Tuesday, 26 August 2008

How not to spend our money - 3
Dear BW
I feel I must commend the dedication of your H&S team. They have obviously been working very hard fitting notices on all the lock gates warning me to keep my boat forward of the cill. It is a shame that they had overlooked the requirement for planning permission to affix such notices to listed structures but hey-ho!
At least they will be be really slick by the time they have removed these and re- applied them after planning permission has been granted.
It was especially keen of them to include all the locks on the Grantham Canal which, being derelict, is unlikely to have boats on for some decades, but hey-ho!

This eye to the future is also apparent in the project to fit three totally unnecessary bollards to each lock in the country. When they are installed I am sure that a risk assessment will confirm them as a trip hazard requiring warning signs to be fitted to each bollard. Hey-ho!

Monday, 25 August 2008

Time to make Sunday More Special
Fourteen years ago today the supermarkets like Tesco which had been flouting the Shops Act conditions relating to trading on Sundays won a victory for bully-boy tactics. Since that date the Sunday Trading Act has permitted stores of more than 3000 sq ft to sell anything they chose for six hours between 10am and 6pm. This change was opposed at the time by Waitrose, M&S and House of Fraser amongst others The argument which won the day was that with so many women working the opportunity to buy groceries needed to be expanded.
However, in most of the country it is now possible to shop in a supermarket for 24 hours in the day so why do we need supermarkets open on Sundays at all? Surely the likes of Tesco have shot a hole in their own argument.
I think it is time to claim back Sunday as a day for relaxation and contemplation by repealing the Sunday Trading Act 1994. Perhaps Tesco would like to take the initiative and start closing their shops on Sundays. If they also restricted the sale of Hot Cross Buns to the appropriate time of the year they might reverse another attack on the British way of life.

Sunday, 24 August 2008

Waste not: want not
I remember the 1970s as a period of considerable change. For half the decade I was working in the food industry and witnessed the introduction of bar codes and best-before marking of foods. I think it was also around this time that the Financial Times effectively destroyed the British Billion. It is easy to upset an American by pointing out that whilst his ego may be bigger than ours, his gallon and ton are smaller. In truth so is his billion. A British billion is one million million ie: the US billion is only really one thousand million - 1,000,000,000. But somewhere around this time the FT decided to use the US billion and so it has been adopted by everyone.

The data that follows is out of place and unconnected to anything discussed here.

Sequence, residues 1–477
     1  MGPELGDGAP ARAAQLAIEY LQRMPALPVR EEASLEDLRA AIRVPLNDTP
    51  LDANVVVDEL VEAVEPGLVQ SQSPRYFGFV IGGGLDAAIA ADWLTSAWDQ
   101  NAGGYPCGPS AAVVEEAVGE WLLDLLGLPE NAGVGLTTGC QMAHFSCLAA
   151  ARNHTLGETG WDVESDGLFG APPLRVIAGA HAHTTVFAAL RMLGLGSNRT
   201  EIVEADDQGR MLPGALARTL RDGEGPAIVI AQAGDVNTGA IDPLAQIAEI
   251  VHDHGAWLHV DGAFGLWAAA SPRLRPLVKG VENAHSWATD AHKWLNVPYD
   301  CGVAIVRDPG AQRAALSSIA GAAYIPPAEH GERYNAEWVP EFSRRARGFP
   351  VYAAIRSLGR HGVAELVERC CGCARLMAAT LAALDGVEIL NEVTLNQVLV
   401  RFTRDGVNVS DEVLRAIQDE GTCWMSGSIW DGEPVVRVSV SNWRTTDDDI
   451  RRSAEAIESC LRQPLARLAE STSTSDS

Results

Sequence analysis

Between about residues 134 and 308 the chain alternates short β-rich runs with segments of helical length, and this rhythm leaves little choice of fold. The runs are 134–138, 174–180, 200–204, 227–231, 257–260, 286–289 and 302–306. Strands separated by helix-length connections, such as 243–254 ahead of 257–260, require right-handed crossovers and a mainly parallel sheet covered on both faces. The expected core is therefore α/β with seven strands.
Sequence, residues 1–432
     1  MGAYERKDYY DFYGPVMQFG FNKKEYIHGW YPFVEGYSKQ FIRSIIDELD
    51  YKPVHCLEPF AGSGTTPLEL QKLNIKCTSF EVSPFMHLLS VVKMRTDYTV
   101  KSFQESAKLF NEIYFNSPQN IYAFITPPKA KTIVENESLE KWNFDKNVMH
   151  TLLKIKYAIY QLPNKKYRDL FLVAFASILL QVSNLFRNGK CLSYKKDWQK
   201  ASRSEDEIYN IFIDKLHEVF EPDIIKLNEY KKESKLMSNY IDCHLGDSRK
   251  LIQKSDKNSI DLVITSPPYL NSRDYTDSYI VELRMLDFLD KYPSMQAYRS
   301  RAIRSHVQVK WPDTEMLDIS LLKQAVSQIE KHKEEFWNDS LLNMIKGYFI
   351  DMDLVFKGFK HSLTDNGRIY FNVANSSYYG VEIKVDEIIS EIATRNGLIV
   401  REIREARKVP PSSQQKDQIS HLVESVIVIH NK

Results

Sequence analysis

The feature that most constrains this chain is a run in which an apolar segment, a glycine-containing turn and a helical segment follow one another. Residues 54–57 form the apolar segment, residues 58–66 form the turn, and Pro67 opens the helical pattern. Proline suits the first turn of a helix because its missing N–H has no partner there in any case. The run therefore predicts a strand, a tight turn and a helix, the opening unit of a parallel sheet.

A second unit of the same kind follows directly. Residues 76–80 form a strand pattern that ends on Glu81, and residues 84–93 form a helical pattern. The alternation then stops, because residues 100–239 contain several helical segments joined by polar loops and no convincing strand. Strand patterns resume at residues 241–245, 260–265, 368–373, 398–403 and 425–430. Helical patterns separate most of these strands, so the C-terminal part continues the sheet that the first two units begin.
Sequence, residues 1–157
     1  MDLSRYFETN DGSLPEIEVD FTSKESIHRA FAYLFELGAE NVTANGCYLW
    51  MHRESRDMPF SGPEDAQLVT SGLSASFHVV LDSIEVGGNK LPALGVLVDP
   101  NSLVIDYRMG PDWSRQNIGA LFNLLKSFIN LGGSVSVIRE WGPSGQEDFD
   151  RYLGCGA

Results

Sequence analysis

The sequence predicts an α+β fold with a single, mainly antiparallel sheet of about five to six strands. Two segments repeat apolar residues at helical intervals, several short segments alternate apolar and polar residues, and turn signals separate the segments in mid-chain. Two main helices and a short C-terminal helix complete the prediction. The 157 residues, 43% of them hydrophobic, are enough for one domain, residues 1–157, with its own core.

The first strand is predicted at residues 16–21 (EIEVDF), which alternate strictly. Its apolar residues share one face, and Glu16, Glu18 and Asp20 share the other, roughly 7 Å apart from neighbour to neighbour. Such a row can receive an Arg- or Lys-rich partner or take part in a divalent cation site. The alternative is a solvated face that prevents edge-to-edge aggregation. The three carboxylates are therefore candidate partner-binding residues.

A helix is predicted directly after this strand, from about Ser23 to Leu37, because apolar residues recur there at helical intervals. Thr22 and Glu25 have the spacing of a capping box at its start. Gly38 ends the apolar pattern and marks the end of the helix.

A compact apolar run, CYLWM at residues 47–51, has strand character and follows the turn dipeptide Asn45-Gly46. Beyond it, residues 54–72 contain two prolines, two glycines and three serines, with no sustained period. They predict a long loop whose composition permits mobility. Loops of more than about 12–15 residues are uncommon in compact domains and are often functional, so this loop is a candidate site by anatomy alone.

The introduction of bar codes and best-before dates have had a greater impact of British consumers. At the time I had a letter published in The Grocer pointing out the potential pitfalls of not marking individual products with prices and relying on computerised tills to charge the correct price. We always check our supermarket bills and this year two out of every three have been incorrect. If this is extrapolated over the country there should be considerable cause for concern. Because we shop frequently our bills are generally small but it is not uncommon to see people spending hundreds of pounds on a Friday evening and not even taking the receipt with them. Given this attitude by consumers it is not surprising that last year Tesco was the first UK retailer to report profits of over £2 billion (US)
Whilst the four largest supermarket chains amassed profits approaching £4 billion (US) last year UK consumers managed to discard more than twice that value of food unnecessarily. Yes, we- no, you - discarded 3.6million tons of food - 60% of which was untouched and ten percent of which was still in date. This represented 18% of all the food you purchased. Families with children discarded 27% of the food they purchased. When I was a child we had a larder and threw away no food. We now have a refrigerator in which we are encouraged by manufacturers to store such things as jam, pickles and mustard. Surely pickling is a method of preservation? In 1976 Green Giant decided to introduce best before dates on canned sweetcorn. To my request for guidance on the appropriate period to declare I was advised by those in the know in USA that there would be no noticeable deterioration of the product in less than six years. This was unacceptable to the marketing department in UK "the consumer will be suspicious of dates so far out" Consequently the period applied was shortened to two years. Best before dates are even printed on honey jars and honey cannot go off!
Are you convinced that change is always for the better?

Thursday, 14 August 2008

Glad News: Sad News
You may recall that at this point last year the blog ceased for some months. This was due to the arrival of our first grandson which threw our lives into disarray.

He is one year old today! And we have been up to Colne for his birthday party which included another amazing cake made and decorated by his mum.
Whilst out and about in Colne we bought some nosh at a local bakers and discovered that there is a confection called a Sad Cake which looks like a derivation of the Banbury / Eccles cake. It is, however, much thinner and the currants are incorporated into the short pastry rather than enclosed together like a pie.

This is definitely a GLAD cake

Will the blog survive or will it disappear until next March?................